Friday, December 26, 2008

NVIDIA GeForce 9800 GTX

NVIDIA GeForce 9800 GTX Graphics Card NVIDIA has been a busy little bee lately. The NVIDIA GeForce 9800 GTX-based graphics card enables full-throttle lifelike game play while providing optimal power management with Hybrid Power™ technology*. The PureVideo® HD engine also delivers unmatched video and movie quality and SLI® compatibility provides amplified performance when coupled with NVIDIA nForce® SLI-ready motherboards. Gaming and video watching capabilities are taken to the next level. With 128 screaming fast cores each running at a record high of 1688MHz, this is our most powerful single GeForce 9800 GPU. And with features such as picture-in-picture content for an interactive movie experience and color stretch video processing for breathtaking picture clarity, this graphics card takes you further than your expectations. Unlock next generation platform features. With SLI, the GeForce 9800 GTX GPU offers increased performance up to 2x in a dual SLI configuration and up to 2.8x in 3-way SLI* mode. Its HybridPower technology delivers graphics performance when you need it and low-power operation when you don’t. So, enjoy heart-stopping entertainment or power savings for everyday computing. Though the 9800 GTX doesn't match the 9800 GX2's performance, it's less expensive and easier to use in a multiple-monitor setup, has lower power requirements, and outperforms all the other single-GPU cards out there.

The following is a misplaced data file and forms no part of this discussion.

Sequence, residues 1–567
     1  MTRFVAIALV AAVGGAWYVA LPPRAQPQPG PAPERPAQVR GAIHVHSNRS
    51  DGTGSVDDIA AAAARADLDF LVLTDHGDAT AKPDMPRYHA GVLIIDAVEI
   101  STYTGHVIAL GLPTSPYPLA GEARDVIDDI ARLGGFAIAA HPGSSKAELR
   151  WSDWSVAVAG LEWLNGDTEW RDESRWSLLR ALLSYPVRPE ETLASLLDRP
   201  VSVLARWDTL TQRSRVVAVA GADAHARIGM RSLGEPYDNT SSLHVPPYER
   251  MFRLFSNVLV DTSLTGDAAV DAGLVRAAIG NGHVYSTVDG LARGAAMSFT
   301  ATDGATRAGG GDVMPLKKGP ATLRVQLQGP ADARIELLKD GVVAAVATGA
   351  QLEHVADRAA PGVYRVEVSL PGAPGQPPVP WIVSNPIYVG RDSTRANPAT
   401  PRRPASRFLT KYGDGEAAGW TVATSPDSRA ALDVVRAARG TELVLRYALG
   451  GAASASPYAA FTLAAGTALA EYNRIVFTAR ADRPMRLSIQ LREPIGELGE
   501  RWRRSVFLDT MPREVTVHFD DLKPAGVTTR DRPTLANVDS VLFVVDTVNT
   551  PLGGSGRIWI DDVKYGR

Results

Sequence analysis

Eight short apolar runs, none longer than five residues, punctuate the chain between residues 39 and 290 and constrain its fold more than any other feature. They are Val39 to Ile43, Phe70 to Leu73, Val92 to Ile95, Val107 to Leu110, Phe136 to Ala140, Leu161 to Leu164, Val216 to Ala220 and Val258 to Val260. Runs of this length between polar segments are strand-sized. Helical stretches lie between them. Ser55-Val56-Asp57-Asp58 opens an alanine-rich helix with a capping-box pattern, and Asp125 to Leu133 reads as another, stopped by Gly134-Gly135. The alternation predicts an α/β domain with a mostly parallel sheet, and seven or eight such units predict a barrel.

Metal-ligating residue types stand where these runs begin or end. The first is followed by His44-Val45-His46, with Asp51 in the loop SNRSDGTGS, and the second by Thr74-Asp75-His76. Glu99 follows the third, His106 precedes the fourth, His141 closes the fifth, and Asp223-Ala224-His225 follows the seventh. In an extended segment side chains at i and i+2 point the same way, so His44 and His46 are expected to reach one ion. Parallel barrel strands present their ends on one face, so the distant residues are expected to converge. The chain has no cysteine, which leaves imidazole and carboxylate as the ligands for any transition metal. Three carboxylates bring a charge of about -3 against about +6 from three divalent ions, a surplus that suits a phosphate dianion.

The 9800 GTX is a 10.5-inch long card that blocks an adjacent slot to make room for its large cooler. If you have a window on the side of your PC, you'll be glad to know that this time, NVIDIA has paid extra attention to style—the cooler isn't a big box, but has a wave shape around the fan. The NVIDIA GeForce 9800 GTX doesn't introduce any major new features, or even offer a staggering performance jump over earlier cards. It's essentially a souped-up version of the design used in the GeForce 8800 GT and the new GeForce 8800 GTS 512MB. But the main thing it brings to the table is increased speed, and it does that very well.
The e-GeForce 9800 GTX sports a pair of dual-link DVI outputs, as well as a component-video/S-Video connector. Like other GeForce 9000-series cards, the 9800 GTX supports HDMI output and can pass digital audio through an HDMI connection. The 9800 GTX uses two six-pin PCI Express power connectors and requires a 450-watt power supply. On upcoming motherboards supporting NVIDIA’s HybridPower technology, the GeForce 9800 GTX card will be able to shut down entirely and transfer responsibility to the lower-power motherboard GPU when you're not using 3D applications.
If you have an SLI-capable motherboard and a strong-enough power supply, you can pair two 9800 GX2 cards to get Quad SLI performance. While the 9800 GTX is eclipsed by the 9800 GX2 in the performance department, it has more reasonable power requirements, avoids the need to shut down additional monitors when gaming (unless you use it in an SLI configuration), and is much less expensive.
Drop the GeForce 9800 GTX into an NVIDIA motherboard with HybridPower enabled, and the system can actually turn the discrete GPU completely off when the card is not in use. Since very few of people actually game 100 percent of the time they're using a computer, HybridPower could conceivably knock a few watts off the meter.
Unfortunately, HybridPower isn't ready for prime-time. Without a HybridPower-enabled motherboard, it's impossible to test the feature, which leaves the 9800 GTX's theoretical lower power consumption as something we'll have to return to.